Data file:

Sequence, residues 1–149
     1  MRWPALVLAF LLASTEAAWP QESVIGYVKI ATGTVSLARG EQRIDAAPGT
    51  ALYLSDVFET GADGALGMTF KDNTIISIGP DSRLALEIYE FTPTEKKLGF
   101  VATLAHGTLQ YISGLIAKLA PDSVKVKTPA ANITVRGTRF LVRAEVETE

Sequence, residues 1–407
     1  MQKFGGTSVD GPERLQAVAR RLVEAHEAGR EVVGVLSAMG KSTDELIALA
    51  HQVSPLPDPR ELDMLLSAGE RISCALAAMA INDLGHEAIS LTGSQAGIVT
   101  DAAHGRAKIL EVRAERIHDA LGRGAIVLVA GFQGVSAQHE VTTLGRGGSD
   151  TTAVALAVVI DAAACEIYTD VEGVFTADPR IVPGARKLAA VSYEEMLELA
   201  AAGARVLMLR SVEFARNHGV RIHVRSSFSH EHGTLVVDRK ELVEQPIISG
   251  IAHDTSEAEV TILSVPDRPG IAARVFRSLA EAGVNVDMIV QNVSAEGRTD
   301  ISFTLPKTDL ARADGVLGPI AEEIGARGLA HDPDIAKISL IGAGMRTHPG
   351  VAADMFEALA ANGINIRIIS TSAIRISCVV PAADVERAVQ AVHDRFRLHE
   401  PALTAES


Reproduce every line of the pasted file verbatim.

Sequence, residues 1–149
     1  MRWPALVLAF LLASTEAAWP QESVIGYVKI ATGTVSLARG EQRIDAAPGT
    51  ALYLSDVFET GADGALGMTF KDNTIISIGP DSRLALEIYE FTPTEKKLGF
   101  VATLAHGTLQ YISGLIAKLA PDSVKVKTPA ANITVRGTRF LVRAEVETE

Sequence, residues 1–407
     1  MQKFGGTSVD GPERLQAVAR RLVEAHEAGR EVVGVLSAMG KSTDELIALA
    51  HQVSPLPDPR ELDMLLSAGE RISCALAAMA INDLGHEAIS LTGSQAGIVT
   101  DAAHGRAKIL EVRAERIHDA LGRGAIVLVA GFQGVSAQHE VTTLGRGGSD
   151  TTAVALAVVI DAAACEIYTD VEGVFTADPR IVPGARKLAA VSYEEMLELA
   201  AAGARVLMLR SVEFARNHGV RIHVRSSFSH EHGTLVVDRK ELVEQPIISG
   251  IAHDTSEAEV TILSVPDRPG IAARVFRSLA EAGVNVDMIV QNVSAEGRTD
   301  ISFTLPKTDL ARADGVLGPI AEEIGARGLA HDPDIAKISL IGAGMRTHPG
   351  VAADMFEALA ANGINIRIIS TSAIRISCVV PAADVERAVQ AVHDRFRLHE
   401  PALTAES